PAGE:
WEMAX ALR & CLR Ultra Short Throw Fixed Frame
If you have already bought a UST projector, or plan to, the difference between using a CLR/ALR screen vs a white wall is as different as night and day. But depending on the kind of projector you are using (and where you use it), you need to pay attention to screen material and gain when selecting a screen.
I spent about 8 weeks testing out WEMAX’s 120-inch ALR & CLR ultra short throw fixed-frame projector screen. I assembled the screen myself.
The CLR/ALR screen is designed for its ultra short throw projectors (UST projectors). I used the WEMAX Laser TV 4K Cinema for most of my testing.
The WEMAX ALR & CLR screen has an ambient light rejecting surface. An ALR screen helps to reduce glare and improve contrast, especially in well-lit rooms. The WEMAX screen also has a CLR surface, or a color light rejecting surface, that improves color accuracy.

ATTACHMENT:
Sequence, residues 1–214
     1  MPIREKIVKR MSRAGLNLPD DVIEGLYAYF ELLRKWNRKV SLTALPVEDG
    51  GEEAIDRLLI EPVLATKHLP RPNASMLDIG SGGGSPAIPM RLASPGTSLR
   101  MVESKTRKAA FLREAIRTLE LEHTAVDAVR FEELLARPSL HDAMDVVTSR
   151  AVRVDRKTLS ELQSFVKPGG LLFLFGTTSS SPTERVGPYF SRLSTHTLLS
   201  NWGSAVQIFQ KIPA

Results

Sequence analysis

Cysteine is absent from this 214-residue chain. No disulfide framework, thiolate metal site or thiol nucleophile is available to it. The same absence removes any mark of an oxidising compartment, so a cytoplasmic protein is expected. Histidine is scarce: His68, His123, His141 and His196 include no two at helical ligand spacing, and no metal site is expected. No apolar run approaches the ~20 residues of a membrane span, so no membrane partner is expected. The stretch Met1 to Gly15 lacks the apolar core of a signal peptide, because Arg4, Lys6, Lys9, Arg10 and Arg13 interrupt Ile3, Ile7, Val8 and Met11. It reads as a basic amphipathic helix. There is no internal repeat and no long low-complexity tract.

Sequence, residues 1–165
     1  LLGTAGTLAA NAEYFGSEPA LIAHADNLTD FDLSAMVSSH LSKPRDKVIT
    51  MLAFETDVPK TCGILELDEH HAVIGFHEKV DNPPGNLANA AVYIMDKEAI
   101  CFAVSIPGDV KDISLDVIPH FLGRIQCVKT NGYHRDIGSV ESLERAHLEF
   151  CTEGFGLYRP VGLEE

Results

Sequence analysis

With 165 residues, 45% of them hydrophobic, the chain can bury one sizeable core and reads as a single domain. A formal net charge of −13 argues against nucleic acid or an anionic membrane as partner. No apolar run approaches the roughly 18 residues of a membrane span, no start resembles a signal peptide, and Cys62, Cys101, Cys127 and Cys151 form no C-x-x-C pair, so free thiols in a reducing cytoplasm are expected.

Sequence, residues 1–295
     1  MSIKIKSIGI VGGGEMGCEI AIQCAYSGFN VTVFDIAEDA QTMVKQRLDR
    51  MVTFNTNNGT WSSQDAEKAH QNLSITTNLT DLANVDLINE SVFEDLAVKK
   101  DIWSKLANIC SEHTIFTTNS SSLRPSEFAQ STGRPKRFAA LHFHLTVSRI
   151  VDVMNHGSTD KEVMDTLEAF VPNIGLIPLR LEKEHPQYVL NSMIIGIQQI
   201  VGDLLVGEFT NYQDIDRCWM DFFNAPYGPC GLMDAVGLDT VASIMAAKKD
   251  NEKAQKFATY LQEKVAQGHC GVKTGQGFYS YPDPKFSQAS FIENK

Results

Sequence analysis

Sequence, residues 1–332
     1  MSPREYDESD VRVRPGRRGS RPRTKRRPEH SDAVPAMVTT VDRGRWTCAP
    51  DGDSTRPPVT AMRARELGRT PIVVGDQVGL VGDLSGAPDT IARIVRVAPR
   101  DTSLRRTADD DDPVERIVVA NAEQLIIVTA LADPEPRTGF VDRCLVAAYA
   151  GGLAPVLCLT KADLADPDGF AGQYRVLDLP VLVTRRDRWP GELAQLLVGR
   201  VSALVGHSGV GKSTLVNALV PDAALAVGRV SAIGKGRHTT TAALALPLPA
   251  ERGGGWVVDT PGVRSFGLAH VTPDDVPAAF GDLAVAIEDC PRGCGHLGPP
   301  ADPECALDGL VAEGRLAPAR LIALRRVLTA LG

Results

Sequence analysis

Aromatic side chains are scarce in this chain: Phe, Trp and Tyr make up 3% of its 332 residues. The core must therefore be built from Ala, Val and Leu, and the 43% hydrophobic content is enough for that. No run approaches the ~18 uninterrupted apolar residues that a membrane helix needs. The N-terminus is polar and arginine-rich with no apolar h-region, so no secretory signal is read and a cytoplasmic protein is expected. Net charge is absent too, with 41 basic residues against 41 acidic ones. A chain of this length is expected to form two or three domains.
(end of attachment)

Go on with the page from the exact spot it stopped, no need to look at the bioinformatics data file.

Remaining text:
WEMAX says that the screen rejects 90 percent of overhead lighting such as a ceiling light or other ambient light in a room. The light rejecting technology creates a 160 degree viewing angle with .06 gain, WEMAX says.
After using the UST projector for a few months with just a white wall, I can tell you there is a stark difference between using a screen and not using one.
In short, an CLR/ALR screen dramatically improves your picture when it comes to color saturation, black levels, and contrast.
It’s easy to turn on a high-end projector and become impressed with the image you see on a white-painted wall. But over time, I noticed the brightness of the projected image exposed small dents and dings in my white wall that I could not see with normal lighting.
It became distracting over time as I watched movies or TV shows, especially ones that supported 4K or HDR.